Artists have to tread carefully between self-expression and offending officials.
By Nico Cervantes – Latin America
23 Aug 13
A hip hop festival has highlighted the tensions for Cuban artists seeking a balance between artistic independence and operating with a measure of government approval.
The Zonas Poéticas festival, a week-long event held last month by the spoken word group Caminos de Palabras, included performances by Cuban artists and by international figures like Norway’s Sarah Camille Osmundsen, and Sascha Reunes and Aja Monet, both from Belgium.
Cuban performers who attended included Carlos Alberto Tejeiro (known as El Fígaro), Eriel Álvarez (El Brujo) and the group Luz de Cuba.
But there were some significant absences as well, which performers said were a sign of the difficulties artists encountered in Cuba.
No one connected with the Omni Zona Franca collective (OZF) took part, even the festival was held partly in Alamar, the Havana district where they are based.
OZF, which runs experimental and community-based projects, was tolerated by the Cuban authorities for the first few years of its existence. But in 2009, it was summarily evicted from Alamar’s cultural centre and had to operate on private premises.
Álvarez, who acted as events director for Zonas Poéticas, said relations with OZF were excellent and they had cooperated on other events. He put other significant absences from the event down to the lack of “any competition to force artists to improve themselves and to function as a community”.
Glenda Bonne, a poet and member of the organising committee who also performed at the festival, agreed, noting that Cuban performers only really got excited by an event if there was a possibility of meeting foreign acts.
“We give them the programme of what’s happening at a festival and very few come, but if we tell them there’s going to be a meeting with foreign artists or that there’s to be a festival in another country, then they do come,” she said. “That irks me as a poet, as a coordinator and as a young Cuban.”
As well as backing from the Norwegian, Swedish and Belgian embassies, Zonas Poéticas had some funding from the Cuban Rap Agency, a government-subsidised body that promotes hip hop.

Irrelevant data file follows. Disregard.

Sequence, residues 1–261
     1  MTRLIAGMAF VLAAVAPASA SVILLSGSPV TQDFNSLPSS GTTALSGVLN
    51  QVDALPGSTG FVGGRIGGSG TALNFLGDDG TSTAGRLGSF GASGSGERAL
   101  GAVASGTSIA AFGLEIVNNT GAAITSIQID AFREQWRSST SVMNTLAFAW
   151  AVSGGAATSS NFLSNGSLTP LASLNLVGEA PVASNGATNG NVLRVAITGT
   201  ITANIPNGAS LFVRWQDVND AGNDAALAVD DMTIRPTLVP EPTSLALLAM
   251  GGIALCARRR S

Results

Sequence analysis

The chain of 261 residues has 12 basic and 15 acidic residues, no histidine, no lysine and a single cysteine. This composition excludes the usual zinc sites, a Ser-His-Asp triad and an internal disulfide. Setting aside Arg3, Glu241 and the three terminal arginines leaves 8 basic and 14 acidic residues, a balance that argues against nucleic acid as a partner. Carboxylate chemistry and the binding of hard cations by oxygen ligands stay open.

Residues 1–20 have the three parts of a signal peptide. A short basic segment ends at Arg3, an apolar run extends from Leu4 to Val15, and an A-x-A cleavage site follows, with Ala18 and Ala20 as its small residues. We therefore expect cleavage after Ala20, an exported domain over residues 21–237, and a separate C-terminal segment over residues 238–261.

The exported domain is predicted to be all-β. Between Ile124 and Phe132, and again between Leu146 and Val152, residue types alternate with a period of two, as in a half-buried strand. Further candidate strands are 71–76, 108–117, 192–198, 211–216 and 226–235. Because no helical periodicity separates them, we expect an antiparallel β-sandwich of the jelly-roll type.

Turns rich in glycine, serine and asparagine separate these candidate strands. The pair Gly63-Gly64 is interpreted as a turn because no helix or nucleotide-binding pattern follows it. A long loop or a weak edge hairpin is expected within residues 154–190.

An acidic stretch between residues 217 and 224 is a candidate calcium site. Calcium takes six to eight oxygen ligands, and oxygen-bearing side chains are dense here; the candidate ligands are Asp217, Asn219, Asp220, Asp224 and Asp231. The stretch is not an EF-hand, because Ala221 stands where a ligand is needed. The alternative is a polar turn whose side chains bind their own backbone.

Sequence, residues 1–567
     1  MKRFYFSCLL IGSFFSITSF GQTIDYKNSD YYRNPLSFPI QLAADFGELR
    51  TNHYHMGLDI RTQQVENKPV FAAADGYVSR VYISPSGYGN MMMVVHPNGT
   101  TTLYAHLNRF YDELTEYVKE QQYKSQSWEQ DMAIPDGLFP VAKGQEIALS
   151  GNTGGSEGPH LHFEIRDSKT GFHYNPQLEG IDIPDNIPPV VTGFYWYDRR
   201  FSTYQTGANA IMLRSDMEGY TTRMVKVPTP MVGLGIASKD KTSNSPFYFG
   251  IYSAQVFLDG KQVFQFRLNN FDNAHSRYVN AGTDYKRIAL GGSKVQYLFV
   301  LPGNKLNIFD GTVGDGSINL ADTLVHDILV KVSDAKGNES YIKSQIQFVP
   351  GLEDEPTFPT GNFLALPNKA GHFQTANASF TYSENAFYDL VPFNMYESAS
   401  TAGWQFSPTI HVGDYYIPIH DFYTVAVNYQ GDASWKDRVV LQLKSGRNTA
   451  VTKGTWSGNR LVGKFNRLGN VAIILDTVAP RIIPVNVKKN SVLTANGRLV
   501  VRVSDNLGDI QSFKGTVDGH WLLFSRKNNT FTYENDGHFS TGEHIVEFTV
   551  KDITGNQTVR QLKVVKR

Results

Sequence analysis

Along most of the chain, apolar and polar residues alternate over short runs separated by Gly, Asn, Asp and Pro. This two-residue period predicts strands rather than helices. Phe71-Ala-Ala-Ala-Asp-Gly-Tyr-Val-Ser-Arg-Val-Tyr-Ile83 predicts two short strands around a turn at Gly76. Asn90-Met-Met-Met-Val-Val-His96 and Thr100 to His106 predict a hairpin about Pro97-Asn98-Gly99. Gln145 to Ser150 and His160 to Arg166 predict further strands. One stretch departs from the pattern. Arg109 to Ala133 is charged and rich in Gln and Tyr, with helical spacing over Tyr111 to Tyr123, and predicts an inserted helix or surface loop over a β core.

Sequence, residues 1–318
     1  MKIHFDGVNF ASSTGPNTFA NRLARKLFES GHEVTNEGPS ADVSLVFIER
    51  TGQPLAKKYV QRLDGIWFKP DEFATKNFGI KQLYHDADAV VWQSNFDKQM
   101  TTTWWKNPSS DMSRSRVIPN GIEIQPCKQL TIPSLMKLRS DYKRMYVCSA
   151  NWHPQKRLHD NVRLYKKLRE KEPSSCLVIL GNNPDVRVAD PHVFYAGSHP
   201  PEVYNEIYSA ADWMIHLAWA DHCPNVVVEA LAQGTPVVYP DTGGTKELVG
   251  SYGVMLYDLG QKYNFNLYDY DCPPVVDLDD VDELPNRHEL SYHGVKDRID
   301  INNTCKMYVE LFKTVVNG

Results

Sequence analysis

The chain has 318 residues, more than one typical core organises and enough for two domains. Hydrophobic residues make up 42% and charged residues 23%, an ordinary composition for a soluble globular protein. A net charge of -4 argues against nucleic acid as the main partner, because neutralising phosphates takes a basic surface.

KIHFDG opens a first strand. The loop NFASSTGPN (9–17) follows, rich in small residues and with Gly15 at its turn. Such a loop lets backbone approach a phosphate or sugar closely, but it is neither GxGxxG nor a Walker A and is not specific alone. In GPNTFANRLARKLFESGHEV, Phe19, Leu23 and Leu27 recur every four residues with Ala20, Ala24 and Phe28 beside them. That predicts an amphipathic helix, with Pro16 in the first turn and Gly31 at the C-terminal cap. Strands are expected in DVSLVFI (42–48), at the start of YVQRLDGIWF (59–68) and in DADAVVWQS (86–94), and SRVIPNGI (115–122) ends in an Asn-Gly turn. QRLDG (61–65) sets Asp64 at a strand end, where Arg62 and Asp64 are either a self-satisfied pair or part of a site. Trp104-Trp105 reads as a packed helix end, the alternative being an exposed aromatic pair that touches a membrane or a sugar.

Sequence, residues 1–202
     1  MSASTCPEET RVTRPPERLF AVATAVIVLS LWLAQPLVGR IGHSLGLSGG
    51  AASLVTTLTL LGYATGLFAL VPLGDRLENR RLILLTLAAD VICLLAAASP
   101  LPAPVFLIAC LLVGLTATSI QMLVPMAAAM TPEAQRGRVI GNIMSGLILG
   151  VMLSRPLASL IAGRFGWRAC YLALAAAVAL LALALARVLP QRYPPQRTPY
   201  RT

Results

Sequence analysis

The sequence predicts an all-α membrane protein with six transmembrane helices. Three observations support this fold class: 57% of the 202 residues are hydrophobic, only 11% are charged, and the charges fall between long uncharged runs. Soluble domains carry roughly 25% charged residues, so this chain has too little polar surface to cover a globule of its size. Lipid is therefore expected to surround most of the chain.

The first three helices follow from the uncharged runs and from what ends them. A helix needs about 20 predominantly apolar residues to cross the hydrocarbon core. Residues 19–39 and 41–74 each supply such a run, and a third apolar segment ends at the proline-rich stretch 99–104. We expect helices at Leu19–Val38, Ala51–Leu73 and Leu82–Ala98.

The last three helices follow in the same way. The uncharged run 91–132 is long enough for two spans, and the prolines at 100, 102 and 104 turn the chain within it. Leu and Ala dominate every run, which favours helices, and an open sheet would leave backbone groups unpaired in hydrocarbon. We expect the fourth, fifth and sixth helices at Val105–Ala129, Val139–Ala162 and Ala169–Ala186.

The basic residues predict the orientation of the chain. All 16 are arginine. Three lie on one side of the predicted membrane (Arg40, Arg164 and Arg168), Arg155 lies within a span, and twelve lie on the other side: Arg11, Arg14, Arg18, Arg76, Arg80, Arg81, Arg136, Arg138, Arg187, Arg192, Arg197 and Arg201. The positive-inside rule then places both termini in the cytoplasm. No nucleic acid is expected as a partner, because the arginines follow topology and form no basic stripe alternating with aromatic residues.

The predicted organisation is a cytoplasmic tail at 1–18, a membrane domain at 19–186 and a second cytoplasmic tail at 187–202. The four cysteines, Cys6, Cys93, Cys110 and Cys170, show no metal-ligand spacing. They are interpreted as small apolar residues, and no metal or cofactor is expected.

Cristian Forte, an Argentine poet, said this kind of state support for fledgling cultural movements was sometimes necessary, noting that some of the festival‘s events were hosted by Havana University’s arts and literature faculty.
“Circumstances are generally hostile to breakaway movements [so] I am surprised and pleased that the university is interested in providing this space to a group of youngsters who continue to operate mainly underground,” Forte said.
Álvarez and Bonne agreed that institutional support was important, but added that they were well aware of the risks of being coopted by the state.
“You are forced to act in this peripheral way,” Álvarez said. “In Cuba, a centralised structure prevails. Institutionalism is so corrupt that if you work with its patronage, you won’t be able to have an aesthetic based on your own criteria. The institutional criteria will be imposed and in the end you won’t achieve anything.”
When it came to accepting further support from official institutions, Bonne said, “We’d have to see the conditions they set, or impose. If they impose them, we won’t work with them.”
Government approval for arts projects can be arbitrary, so that events that have previously proved successful sometimes get refused permission for a re-run.
In 2011, the culture ministry cancelled the Rotilla festival, a free event featuring rave music on Jibacoa beach in Mayabeque province, and replaced it with a series of government-sponsored concerts.
Rotilla organisers said government institutions which had previously tolerated the festival were attempting to dictate which acts could play, and to change the whole concept of the event.
Others have had similar experiences. Rodolfo Rensoli, a civil servant by day, was a founding member of the Groupo Uno rap collective which launched a festival in Alamar in 1995.
Rensoli sought government backing so that the events could go ahead, but the project ultimately failed. “We paid the price of the authorities misunderstanding us,” he said.
Nico Cervantes is a Cuban journalist and photographer.
This article first appeared on IWPR’s website.